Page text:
If you want to do a reply like this, where your character is doing their own thing, we recommend that you start your own open thread instead to follow the scenario you have in mind.

    React AND add an action. When replying to a thread, the idea is to add to the scene and push the thread forward. To do this, you want to both react to what the posts above yours did, as well as add your own new action for posts following yours to react to.

    An ideal post will have both a reaction AND an action, or else you risk one person being forced to drag the entire thread forward on their own, which can be frustrating for some.

    Examples

    Let’s say the thread opener is something along the lines of:

    Amy is cooking a massive feast for the holidays, and oh no, the turkey is in the oven that just started billowing black smoke that’s now filling the kitchen!
    There are a lot of ways the above starter could be replied to. Here are a few examples of potential replies and how they can effect the thread.

    (bad reply) John wrinkled his nose from the smoke coming from the kitchen, but he turned on his heel and headed out. He had Christmas shopping to finish anyway.
    This is a bad reply, because while it did acknowledge the opener, John added nothing to the scene. He instead spun it off into a totally separate and unrelated scene with his own character. This gives the person who started the thread nothing to reply to or build off of unless they want to abandon their starter. In this situation, it would have been best for John to use his reply as an opener for a brand new thread.

    (okay reply) John wrinkled his nose and poked his head into the kitchen. Oh god, there was smoke everywhere! He pressed his hand over his mouth.
    This reply is better than the one above, but still far from ideal. In this reply, John reacted to the starter and joined the scene, but he did not add any action of his own. This forces the other people in the thread to drag the scene on themselves, which can be a little frustrating for some people.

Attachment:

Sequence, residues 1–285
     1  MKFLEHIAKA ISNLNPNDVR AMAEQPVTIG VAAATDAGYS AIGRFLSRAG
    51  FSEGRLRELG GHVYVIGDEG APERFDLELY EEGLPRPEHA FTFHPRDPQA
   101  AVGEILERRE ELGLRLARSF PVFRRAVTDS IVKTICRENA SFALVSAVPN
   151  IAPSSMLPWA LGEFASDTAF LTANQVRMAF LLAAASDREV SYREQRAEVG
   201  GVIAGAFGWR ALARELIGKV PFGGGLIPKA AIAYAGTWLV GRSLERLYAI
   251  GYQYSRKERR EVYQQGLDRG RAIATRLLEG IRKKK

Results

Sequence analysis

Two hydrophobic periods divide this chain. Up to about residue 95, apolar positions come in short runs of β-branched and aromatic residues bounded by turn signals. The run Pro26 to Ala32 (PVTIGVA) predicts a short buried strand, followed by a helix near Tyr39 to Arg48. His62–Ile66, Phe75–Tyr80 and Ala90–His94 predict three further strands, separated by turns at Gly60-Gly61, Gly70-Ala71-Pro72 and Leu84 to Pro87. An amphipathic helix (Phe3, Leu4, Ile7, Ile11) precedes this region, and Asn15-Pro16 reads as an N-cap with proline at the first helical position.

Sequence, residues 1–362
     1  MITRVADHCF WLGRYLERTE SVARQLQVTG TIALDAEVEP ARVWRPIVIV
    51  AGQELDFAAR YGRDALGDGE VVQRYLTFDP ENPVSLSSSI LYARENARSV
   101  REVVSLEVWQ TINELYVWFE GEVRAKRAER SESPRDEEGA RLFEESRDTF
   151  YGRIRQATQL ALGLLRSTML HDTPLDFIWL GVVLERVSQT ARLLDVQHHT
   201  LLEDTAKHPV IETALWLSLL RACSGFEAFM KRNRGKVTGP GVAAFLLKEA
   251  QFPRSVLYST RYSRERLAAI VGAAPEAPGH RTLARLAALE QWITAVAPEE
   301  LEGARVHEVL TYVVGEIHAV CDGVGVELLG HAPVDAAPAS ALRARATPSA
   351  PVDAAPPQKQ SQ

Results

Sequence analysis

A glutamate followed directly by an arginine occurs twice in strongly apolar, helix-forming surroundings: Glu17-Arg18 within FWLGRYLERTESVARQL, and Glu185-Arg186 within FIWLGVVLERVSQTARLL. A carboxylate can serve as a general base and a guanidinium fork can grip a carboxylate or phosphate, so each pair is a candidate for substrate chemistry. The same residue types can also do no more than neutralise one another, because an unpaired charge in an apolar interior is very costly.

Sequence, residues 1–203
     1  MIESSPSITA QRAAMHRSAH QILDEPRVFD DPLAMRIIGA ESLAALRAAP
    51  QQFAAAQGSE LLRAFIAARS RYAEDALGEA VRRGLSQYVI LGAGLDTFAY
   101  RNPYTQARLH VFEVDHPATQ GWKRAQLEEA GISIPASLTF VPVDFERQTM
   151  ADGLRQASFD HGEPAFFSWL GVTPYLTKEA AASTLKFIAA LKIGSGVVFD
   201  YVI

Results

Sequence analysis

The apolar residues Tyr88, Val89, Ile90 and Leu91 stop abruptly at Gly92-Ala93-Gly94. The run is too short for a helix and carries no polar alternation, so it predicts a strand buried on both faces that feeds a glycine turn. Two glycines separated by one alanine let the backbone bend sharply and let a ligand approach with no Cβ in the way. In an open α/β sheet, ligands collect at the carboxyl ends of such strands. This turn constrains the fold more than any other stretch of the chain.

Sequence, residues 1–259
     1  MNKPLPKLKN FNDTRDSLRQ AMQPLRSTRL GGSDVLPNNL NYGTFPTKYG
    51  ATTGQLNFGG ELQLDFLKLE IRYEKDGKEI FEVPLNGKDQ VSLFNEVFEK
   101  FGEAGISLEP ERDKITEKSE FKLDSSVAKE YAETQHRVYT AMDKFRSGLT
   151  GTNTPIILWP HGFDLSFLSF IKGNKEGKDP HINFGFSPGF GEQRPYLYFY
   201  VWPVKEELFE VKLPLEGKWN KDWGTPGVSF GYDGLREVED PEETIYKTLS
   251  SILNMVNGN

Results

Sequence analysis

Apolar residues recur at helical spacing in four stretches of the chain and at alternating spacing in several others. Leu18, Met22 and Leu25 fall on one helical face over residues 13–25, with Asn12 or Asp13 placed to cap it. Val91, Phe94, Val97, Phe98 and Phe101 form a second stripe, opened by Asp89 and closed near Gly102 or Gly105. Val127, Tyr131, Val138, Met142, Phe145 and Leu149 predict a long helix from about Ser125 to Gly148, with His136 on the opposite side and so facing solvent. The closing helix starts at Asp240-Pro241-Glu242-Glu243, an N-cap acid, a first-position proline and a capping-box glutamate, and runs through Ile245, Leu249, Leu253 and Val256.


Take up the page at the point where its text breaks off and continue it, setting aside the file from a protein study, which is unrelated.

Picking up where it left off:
(good reply) John wrinkled his nose and poked his head into the kitchen. Oh god, there was smoke everywhere! Was there a fire!? He immediately grabbed the fire extinguisher and started spraying it everywhere!
    This is the best reply out of the bunch, because John reacted AND added action. He helped push the thread forward. Now, if each person replies with both a reaction and a new action, this thread will be golden.

    Consider your activity. If you join this thread, can you post in it regularly? Keep in mind that when somebody posts an open thread, they are looking for it to move forward. If you’re only available to post during activity checks, then it’s recommended that you focus on creating your own open threads instead of joining somebody else’s.

    General Tips

    The above tips can be helpful for replying to starting and replying to regular threads as well. They’re not limited only to open threads.

    If you start an open thread, make sure you add it to the Open Threads list. Similarly, if you are looking for an Open Thread to join, check that list.

    And of course, the #1 tip is to just communicate. If you’re ever unsure of what to do or aren’t sure of where the other person wants the thread to do, shoot them a PM or catch them in the cbox. You can always bounce ideas off of each other.
     
    #1 Rani, Dec 28, 2014
    Last edited by a moderator: Jan 23, 2016
    Scissors, PoP, Crys and 3 others like this.